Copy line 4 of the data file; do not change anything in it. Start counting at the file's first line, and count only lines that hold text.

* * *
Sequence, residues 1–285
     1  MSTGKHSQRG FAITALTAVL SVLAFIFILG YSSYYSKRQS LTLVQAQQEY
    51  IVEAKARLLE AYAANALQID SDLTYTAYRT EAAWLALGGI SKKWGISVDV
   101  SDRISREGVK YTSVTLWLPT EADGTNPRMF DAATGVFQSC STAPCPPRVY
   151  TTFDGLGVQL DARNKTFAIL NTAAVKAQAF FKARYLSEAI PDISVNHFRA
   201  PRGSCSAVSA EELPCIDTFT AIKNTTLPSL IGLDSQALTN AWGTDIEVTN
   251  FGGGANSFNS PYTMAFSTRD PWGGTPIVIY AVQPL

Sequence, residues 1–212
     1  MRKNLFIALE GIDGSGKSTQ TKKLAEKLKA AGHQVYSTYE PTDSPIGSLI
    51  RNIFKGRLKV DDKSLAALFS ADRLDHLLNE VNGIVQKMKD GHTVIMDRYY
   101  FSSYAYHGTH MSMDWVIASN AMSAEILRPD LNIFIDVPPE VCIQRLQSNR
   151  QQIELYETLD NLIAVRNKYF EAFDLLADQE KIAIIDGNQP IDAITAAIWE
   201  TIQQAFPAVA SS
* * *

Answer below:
   101  SDRISREGVK YTSVTLWLPT EADGTNPRMF DAATGVFQSC STAPCPPRVY